With an accommodating chaperon who knew no German, the couple could do and say what they pleased.
This military hospital is capable of accommodating 3,000 soldiers.
I shall leave the place, though certainly not with any intention of accommodating you.
“You seem to have an accommodating disposition,” laughed Tommy.
You are willing to give up just about everything in order to preserve the relationship with the other party.
The comparative form of an adjective is commonly used to compare two people, things, or states, when you want to say that one thing has a larger or smaller amount of a quality than another.
Beasley said he would do it, just to be accommodating, and by so doing made a blunder.
Accommodate entered English in the mid-16th century from the Latin word accommodat-, meaning "made fitting." Whether it refers to changing something to suit someone's wishes or providing someone with something he needs, accommodate typically involves making something fit.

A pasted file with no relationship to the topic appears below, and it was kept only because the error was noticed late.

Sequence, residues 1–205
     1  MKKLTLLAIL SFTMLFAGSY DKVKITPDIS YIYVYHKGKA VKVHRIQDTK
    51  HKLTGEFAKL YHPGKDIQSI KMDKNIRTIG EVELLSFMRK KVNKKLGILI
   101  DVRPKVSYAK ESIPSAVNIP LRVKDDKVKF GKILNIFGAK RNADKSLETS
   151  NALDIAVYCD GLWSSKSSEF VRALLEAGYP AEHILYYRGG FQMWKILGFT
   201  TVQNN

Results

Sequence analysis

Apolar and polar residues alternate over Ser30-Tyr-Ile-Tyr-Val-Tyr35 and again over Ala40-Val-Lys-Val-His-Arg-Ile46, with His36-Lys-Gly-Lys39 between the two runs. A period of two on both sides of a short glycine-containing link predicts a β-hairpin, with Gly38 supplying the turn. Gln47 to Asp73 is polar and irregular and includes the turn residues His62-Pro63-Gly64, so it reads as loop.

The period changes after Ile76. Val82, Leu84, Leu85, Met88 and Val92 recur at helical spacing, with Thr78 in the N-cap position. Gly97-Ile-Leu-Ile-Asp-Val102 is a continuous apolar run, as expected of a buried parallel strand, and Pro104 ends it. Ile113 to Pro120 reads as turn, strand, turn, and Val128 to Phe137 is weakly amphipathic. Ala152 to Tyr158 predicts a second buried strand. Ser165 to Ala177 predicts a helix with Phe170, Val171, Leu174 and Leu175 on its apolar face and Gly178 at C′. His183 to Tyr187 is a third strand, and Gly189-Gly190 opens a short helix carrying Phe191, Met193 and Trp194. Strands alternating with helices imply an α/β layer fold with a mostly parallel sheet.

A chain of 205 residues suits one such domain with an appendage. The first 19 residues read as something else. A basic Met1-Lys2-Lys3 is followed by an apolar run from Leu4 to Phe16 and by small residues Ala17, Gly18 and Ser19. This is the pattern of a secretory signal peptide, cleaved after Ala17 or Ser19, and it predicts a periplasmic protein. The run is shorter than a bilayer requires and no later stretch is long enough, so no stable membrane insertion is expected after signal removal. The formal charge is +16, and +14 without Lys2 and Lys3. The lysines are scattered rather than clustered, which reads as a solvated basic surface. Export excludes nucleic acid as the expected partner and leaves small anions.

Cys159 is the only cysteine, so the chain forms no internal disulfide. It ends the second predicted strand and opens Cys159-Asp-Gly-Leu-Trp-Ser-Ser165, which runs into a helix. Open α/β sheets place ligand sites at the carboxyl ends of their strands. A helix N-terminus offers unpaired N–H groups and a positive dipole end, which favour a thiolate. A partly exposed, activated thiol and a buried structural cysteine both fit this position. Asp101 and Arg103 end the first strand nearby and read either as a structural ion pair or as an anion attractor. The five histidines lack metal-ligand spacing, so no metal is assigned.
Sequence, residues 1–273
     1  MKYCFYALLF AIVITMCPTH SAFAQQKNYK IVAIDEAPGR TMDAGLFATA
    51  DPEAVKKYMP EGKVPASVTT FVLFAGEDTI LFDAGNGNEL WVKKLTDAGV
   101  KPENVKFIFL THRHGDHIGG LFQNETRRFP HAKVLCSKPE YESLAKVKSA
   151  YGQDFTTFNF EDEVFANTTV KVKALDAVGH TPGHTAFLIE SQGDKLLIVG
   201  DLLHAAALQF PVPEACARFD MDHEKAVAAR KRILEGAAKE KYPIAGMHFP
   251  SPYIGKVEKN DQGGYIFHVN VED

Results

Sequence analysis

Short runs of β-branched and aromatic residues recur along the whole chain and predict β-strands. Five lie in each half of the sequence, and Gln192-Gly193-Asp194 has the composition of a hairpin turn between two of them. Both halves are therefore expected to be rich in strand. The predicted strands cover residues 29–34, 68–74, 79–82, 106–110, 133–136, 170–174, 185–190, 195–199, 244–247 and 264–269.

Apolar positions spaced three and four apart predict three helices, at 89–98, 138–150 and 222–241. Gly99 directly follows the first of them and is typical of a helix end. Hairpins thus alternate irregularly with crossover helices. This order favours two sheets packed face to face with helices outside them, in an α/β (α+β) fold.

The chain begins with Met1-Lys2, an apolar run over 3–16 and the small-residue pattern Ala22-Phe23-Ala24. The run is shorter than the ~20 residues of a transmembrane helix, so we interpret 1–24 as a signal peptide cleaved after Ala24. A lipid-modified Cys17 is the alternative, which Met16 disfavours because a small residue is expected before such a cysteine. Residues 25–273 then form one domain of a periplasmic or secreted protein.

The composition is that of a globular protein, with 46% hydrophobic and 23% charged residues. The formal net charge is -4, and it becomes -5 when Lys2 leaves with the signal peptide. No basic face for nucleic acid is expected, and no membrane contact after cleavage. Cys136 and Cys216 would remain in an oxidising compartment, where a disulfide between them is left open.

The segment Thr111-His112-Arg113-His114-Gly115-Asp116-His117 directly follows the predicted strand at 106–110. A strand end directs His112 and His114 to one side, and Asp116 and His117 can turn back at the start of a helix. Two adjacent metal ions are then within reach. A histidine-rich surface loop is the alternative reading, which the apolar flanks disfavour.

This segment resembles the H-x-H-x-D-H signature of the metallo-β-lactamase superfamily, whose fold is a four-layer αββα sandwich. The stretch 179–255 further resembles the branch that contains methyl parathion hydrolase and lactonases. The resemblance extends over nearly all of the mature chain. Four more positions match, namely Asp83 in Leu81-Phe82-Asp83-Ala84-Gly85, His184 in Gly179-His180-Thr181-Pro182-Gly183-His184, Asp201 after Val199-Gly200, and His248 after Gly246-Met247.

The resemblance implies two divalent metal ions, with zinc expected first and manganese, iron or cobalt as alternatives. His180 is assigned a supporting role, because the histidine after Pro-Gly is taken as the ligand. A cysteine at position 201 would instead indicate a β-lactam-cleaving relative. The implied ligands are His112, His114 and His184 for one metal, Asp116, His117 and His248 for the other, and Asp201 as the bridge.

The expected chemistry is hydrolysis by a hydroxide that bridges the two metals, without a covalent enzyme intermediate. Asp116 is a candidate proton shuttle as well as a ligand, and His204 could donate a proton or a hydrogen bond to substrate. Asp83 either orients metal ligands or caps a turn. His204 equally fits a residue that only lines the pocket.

"measure, manner" (from PIE root *med- "take appropriate measures"). as "make suitable," also "furnish (someone) with what is wanted," especially "furnish with suitable room and comfort" (1712).
For accommodations "lodgings and entertainment," see accommodation. Even in his most accommodating mood he inspires a dread of treachery.